Shark Week Review: ‘The Meg’: The King of Sharks
As the saying goes, “Another year, another Shark Week.” Between July 28th and August 4th, we at Full Circle have decided to celebrate by digging our teeth into a variety of shark movies. For this review, let us go back to last year when the most massive predator to ever exist came to the big screen, 2018’s The Meg.
Humans have only discovered 25% of the ocean. Making it one of the most uncharted territories on the planet. As far as we know, the Mariana Trench is the deepest place on Earth, or is it? What if what we think is the ground level of the trench is a cloud? A cloud covering what would be a whole new world. Two films referenced this last year, one of them was Aquaman, the other was The Meg.
The Meg‘s story focuses on Jonas Taylor, a diver who saves people trapped in the ocean. The story also focuses on the researchers of Mana One. The most expensive ocean research facility on the planet Earth. Run by the greatest Marine biologist on the planet, Dr. Zhang, Winston Chao. They send a group of researchers down to the Mariana Trench. The group gets through the trench and makes a terrifying discovery. They get attacked and must be rescued, this unleashes the greatest predator that has ever existed from one of the deepest places on Earth, into a world filled with snacks.
The Meg is a novel that was written by Steve Alten. In a sense, it could be seen as a more modern lesser Jaws. We could say, Jaws without the magic of Steven Spielberg. This film is the embodiment of what horror/sci-fi films have become. In no way are these films horrifying anymore, but they are every bit action-packed. What else would you expect from a film starring Statham? The action parts of this film are the best part, aside from a few landing jokes and a very corny romantic subplot. The supporting cast that features Bingbing Li, Ruby Rose, Rainn Wilson, Winston Chao, and a great child actor in Shuya Sophia Cai does a great job helping Statham carry the film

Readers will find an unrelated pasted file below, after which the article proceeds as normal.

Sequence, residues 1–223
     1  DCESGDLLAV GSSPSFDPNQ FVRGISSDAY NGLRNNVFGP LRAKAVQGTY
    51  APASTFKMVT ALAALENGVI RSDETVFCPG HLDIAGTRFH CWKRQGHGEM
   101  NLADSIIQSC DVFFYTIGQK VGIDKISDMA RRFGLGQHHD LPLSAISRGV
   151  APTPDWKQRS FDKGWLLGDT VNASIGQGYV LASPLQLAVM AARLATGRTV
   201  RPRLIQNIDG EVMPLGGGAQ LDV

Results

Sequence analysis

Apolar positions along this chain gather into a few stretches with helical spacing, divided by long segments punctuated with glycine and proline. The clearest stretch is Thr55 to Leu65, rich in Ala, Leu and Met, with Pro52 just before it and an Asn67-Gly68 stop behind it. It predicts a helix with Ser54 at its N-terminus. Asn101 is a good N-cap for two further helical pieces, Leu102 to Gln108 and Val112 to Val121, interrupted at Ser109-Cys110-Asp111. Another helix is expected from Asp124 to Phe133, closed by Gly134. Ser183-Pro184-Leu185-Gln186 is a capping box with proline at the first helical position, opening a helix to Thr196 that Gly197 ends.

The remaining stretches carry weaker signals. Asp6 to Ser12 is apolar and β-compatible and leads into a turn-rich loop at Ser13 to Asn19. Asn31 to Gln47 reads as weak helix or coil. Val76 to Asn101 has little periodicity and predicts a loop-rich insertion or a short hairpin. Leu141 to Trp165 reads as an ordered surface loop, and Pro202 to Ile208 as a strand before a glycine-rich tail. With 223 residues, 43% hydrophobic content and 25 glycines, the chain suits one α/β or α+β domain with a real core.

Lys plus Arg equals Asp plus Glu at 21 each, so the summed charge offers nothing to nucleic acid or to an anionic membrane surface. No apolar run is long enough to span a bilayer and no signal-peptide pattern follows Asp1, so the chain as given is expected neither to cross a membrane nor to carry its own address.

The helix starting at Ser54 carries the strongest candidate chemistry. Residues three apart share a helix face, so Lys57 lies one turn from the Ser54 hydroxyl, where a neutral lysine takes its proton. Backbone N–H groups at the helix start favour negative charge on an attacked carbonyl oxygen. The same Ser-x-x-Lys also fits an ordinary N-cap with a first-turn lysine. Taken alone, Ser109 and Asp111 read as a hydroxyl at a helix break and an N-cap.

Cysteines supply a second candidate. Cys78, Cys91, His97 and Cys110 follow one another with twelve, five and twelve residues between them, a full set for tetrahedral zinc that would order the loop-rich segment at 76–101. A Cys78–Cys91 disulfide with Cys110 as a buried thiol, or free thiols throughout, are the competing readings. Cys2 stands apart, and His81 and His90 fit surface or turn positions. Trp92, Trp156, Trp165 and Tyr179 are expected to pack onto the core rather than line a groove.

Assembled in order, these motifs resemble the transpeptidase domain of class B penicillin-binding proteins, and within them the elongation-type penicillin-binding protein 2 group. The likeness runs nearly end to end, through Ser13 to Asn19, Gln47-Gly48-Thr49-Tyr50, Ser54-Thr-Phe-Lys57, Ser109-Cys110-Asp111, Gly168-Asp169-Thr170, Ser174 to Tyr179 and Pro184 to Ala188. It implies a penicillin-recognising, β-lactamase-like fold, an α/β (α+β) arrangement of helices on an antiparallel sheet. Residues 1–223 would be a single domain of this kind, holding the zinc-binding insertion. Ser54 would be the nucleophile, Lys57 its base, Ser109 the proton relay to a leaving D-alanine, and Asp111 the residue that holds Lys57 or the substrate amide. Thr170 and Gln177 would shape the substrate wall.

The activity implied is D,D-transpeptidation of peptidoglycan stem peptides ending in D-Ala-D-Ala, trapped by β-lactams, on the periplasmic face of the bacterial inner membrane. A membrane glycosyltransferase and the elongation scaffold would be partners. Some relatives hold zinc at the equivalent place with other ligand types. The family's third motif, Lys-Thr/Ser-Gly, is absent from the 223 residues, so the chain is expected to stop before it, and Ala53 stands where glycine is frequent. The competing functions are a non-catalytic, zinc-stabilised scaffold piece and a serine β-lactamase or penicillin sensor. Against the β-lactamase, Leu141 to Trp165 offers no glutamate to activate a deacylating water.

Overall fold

The script from screenwriter Dean Georgaris and Jon/Erich Hoeber gives you more shark than you can handle. The film takes a while to get going, but once The Meg appears it instantly steals the spotlight, which is a good thing because this film has some terrible dialogue. The Meg is the type of film that you watch purely for entertainment. There is nothing truly deep about this film in any context. The underlying message is one that has been heard and ignored for years, “Mother Nature is the most deadly force on Earth.” Director Jon Turteltaub did everything he could do with this film. He gives The Meg an attitude and a persona of an ocean God.
Again, The Meg is the star of this film. Unlike Jaws, once you see it, you see it consistently afterward. The CGI shark is the only terrifying thing about the film. It’s a giant shark that kills any and everything in its path. The balance of nature is very important and this film shows you why. Humans always seek to explore, but sometimes what we discover will destroy us and everything we know.
I enjoyed this film, especially upon my second viewing. It’s got everything you could ever ask for in a shark film that stars Jason Statham. Action, explosions, death, and more action, explosions, and death. Yes, there is a Shark Week reference that gives it a boost. All in all, if you want a shark film that focuses on the shark, watch The Meg.
Rating: 6 Megladons/10 Megladons
The Meg stars Jason Statham, Bingbing Li, Riann Wilson, and Ruby Rose.